Overspent during the holidays?
You’ve still got a tan but the suitcases are unpacked, the kids back at school and you’re back to work – the summer holidays are well and truly over.
Unfortunately for many families this can also mean the realisation of the extra expense of days out, holidays and general overspending of the summer holidays kicks in.
The end of September probably means the credit card bills from the summer holidays are due bringing with them the harsh reality of the financial burden many families live with.
Recent research shows around 1 in 5 families have little to no savings to fall back on to pay the extra bills incurred by overspending during the summer holidays.
5 tips for dealing with holiday overspends
1. Prioritise your payments
It can be tempting to pay off the summer holidays costs as quickly as possible but homes, heating and comfort must take priority. Make sure you pay your rent/mortgage, council tax, gas and electric first before anything else. Keep these in order and the other things will fall into place a lot easier.
Advice on the StepChange debt charity website says “covering the minimum payment on all the debts you have is the key to avoiding default charges and a damaged credit rating. After that, pay most towards the highest-cost borrowing – that’s the debt on which you will have to pay most interest and charges.
2. Be strict with the credit card
After a heavy summer, it might be an idea to hide your credit cards in the bottom drawer for a while giving you a chance to catch up on the payments – be careful not to forget to increase the payments back up from the ‘minimum payment’ after a few months.
Debt advice blog ‘Debt Camel’ says people who only make the minimum payment can often be trapped for years paying off a credit card with interest charges eating up any payments that are made. Now might be a good time to see if you can transfer your credit card for a better deal or a 0% card if you are a new customer.
Set aside as much as you can afford above the minimum payments as this can take years off the amount of time it takes to clear the card.
The ‘Be Clever with Your Cash’ blog also advises using any savings to clear credit card debt to avoid paying the extra interest and then building your savings back up again.
3. Shop Around – don’t be afraid to make a change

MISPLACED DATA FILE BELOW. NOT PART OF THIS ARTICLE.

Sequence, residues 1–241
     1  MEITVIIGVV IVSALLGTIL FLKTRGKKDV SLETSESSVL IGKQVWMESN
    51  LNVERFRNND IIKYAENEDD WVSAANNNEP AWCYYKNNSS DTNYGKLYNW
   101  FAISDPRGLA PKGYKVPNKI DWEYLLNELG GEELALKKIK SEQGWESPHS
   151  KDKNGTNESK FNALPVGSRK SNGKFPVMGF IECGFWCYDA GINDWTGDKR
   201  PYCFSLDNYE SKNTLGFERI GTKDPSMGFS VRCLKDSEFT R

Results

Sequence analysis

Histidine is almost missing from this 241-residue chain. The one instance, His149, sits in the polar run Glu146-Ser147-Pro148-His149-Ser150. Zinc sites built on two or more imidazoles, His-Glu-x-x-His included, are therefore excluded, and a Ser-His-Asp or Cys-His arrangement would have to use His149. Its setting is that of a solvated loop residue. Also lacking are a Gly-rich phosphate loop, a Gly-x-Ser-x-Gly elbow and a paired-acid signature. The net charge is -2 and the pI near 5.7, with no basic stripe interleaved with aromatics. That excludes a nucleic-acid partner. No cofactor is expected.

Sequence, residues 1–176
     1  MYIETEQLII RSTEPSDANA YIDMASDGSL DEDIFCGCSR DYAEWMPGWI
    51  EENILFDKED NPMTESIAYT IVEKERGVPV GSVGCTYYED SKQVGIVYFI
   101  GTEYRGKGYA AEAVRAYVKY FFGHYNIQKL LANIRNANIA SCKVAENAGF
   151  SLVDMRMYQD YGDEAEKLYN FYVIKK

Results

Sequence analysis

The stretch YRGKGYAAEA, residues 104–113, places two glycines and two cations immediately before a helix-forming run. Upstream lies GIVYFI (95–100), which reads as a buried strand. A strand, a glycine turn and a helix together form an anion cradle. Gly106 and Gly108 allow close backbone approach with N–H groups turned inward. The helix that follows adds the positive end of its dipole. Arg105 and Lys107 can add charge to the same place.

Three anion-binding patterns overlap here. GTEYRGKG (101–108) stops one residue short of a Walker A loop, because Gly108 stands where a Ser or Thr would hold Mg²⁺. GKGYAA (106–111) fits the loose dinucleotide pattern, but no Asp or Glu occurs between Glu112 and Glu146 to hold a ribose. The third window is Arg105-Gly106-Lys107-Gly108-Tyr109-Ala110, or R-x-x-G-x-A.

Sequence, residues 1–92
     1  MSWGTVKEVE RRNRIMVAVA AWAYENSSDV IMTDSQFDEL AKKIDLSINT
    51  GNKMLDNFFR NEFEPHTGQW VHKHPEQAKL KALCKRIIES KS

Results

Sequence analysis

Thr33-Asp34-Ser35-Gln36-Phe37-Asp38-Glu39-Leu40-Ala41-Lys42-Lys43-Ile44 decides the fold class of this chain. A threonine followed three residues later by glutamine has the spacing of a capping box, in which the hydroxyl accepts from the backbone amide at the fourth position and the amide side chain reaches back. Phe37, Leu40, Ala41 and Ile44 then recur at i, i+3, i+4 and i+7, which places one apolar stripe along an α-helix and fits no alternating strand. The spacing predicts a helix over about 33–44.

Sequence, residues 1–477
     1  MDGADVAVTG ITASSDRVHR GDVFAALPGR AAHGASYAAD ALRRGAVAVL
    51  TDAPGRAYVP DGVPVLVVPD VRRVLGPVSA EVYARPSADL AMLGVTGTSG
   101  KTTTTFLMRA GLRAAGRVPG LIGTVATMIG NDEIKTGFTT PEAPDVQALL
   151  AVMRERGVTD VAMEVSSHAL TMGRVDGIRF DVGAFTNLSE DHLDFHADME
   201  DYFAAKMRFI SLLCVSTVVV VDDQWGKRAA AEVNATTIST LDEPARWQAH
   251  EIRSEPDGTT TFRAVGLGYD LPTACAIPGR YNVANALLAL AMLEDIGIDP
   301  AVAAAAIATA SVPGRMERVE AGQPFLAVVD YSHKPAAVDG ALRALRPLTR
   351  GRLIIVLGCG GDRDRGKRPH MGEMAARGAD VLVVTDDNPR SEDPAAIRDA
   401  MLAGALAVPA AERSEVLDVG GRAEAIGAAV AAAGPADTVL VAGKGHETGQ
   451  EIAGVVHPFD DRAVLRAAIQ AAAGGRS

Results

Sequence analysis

It’s no secret that by shopping around for the things you pay for each month can have a big effect on your finances.
Switching your broadband provider, gas/electric, mortgage or even your bank account can save you hundreds per year which can then be put aside for savings or unexpected bills – or next year’s summer holidays.
There are also a number of ‘cashback websites’ that allow you to save each time you shop. Once you have signed up you simply submit a relevant receipt with a participating product and you can receive cashback into your bank account.
4. Plan Next Year’s Summer Holiday Now
The thing with summer holidays is that while they cost a lot to the average person, they do come round at the same time each year!
This might sound obvious. But it does allow you to start preparing/saving/paying for next year’s summer holiday now.
Draw up a realistic budget and stick to it – no matter what you are planning for, a weekly shop, Christmas, a new car or Holidays, this is the most important money-saving tip that all the experts repeat.
Visit the Money and Pensions Service website to use their online tool that will show you in black and white how much money you have coming in and out. This will also show you where other savings can be made.
A recent study by the Money and Pensions Service found that around 22% of UK adults have less than £100 in savings so recommend planning ahead to boost your savings for the most expensive times of year – Christmas and Summer.
5. If You Need Help – ASK!
The same research by the Money and Pensions Service also found that around 9 million people in the UK struggle with money.
Even though there are a number of charities that offer free help and advice only a fraction of people will actively seek help or advice.
Money and Pensions Service Chief Executive Caroline Siarkiewicz says “People should seek help early and not be embarrassed or ashamed. If you are ill, you go to the doctor, so you should get advice if your finances need it”.
Help and Advice from QuidMarket
For more information on the different charities/bodies that can offer help/advice/tips on money problems and saving, see our recent blog “Help and Advice”.